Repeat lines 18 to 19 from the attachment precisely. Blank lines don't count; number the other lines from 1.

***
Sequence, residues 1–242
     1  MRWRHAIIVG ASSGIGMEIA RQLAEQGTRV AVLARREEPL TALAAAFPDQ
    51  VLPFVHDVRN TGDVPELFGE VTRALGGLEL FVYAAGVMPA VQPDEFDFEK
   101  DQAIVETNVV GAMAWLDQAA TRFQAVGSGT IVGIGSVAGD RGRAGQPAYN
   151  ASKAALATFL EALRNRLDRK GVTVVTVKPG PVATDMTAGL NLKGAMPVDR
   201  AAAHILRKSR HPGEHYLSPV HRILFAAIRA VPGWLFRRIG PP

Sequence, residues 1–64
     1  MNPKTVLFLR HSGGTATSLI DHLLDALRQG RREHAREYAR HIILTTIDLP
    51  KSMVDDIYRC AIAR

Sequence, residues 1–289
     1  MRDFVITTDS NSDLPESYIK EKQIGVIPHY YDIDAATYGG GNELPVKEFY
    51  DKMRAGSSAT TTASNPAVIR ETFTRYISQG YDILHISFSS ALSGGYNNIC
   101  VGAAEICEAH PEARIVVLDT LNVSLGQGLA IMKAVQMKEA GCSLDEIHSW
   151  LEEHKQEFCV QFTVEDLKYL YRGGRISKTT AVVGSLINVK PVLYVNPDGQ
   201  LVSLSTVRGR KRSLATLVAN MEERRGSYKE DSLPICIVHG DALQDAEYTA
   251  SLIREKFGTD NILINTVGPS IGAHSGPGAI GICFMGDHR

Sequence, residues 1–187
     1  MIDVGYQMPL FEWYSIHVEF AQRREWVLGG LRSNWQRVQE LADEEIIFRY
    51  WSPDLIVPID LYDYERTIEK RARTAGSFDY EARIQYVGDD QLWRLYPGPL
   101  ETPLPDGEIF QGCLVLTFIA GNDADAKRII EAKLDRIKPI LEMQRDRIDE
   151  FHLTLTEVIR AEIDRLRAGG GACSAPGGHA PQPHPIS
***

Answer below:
     1  MIDVGYQMPL FEWYSIHVEF AQRREWVLGG LRSNWQRVQE LADEEIIFRY
    51  WSPDLIVPID LYDYERTIEK RARTAGSFDY EARIQYVGDD QLWRLYPGPL